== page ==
Winter 2005


A bright future: With a Sea Grant Industry Fellowship, Joshua Koch gained real-world engineering experience and a master’s degree in civil and environmental engineering.

Education News

An Illuminating Industrial Experience

Joshua Koch ended his master’s degree program in December on a promising note. Koch earned a civil and environmental engineering degree from UW-Madison, and he describes the small drinking water disinfecting unit he worked on as "promising," if still inefficient.

It currently produces "less than a shot glass" of disinfected water per minute, Koch said.

Koch’s challenge was to boost the efficiency of the unit. To do that, he worked with the Sheboygan office of Pentair, a Minnesota-based manufacturer of water filters and other equipment. Koch’s work was supported by a Sea Grant Industry Fellowship.

The device is intended to work beneath household sinks or in other point-of-use applications. It uses a process called photocatalysis, in which light is used to initiate chemical reactions. In this design, water is pumped through coils of clear plastic that are partly coated with titanium dioxide (TiO2). The coils wrap around a tube-shaped ultraviolet light bulb. Light striking the TiO2 starts a process that turns some water molecules into hydroxyl radicals, which are more deadly to microorganisms than chlorine or ozone.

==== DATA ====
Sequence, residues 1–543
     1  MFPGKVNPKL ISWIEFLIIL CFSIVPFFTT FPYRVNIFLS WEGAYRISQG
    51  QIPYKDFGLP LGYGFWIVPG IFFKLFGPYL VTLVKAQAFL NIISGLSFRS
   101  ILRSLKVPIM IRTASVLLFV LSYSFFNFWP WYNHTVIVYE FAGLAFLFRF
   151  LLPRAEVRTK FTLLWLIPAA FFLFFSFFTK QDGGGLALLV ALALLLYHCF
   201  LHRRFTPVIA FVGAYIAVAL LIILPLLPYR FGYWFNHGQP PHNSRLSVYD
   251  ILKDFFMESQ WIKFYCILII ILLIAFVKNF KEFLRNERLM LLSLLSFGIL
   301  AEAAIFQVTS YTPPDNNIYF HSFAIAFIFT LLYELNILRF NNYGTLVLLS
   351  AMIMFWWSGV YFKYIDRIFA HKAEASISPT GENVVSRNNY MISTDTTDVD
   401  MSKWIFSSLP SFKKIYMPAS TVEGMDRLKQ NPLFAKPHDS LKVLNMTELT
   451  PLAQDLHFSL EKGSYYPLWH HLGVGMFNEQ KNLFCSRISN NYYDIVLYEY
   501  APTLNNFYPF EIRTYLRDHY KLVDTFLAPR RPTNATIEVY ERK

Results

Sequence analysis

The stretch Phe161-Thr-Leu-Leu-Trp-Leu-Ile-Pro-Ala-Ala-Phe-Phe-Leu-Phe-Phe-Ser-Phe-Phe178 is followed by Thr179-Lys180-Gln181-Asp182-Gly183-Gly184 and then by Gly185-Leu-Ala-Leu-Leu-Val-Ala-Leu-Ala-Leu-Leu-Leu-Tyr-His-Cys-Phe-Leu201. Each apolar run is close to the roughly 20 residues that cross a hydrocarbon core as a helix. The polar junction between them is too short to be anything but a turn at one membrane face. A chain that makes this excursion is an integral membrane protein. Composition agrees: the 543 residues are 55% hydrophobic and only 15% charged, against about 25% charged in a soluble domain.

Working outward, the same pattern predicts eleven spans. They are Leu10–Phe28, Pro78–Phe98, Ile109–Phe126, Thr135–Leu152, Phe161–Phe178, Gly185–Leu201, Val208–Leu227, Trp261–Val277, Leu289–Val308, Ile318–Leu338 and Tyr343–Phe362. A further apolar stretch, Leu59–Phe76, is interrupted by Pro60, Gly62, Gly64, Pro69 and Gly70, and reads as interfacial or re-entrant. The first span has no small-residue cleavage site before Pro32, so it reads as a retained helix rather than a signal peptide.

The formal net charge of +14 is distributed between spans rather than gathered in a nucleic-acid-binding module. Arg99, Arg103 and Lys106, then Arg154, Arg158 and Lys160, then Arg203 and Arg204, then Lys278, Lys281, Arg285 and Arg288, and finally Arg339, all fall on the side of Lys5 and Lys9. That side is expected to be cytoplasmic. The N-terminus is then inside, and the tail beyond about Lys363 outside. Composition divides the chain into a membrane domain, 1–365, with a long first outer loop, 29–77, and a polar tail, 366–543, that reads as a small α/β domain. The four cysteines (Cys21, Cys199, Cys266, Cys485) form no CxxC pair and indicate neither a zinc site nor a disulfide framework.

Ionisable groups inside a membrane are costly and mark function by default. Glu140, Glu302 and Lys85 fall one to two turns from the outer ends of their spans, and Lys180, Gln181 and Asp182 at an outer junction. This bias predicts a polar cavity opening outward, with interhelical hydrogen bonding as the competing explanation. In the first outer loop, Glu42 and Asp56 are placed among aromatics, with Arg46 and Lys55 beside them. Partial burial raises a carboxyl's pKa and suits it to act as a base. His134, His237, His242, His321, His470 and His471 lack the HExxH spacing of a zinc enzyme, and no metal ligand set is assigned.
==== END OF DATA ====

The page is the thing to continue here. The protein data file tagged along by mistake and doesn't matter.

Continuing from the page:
The reaction now runs best at low pH levels, and Koch, working with advisors Marc Anderson and Greg Harrington, has been searching for a compound to add to the TiO2 that will keep it running quickly at pH levels typical of drinking water.

Koch hopes the real-world experience gained through his fellowship will boost the efficiency of landing a good job in environmental engineering.









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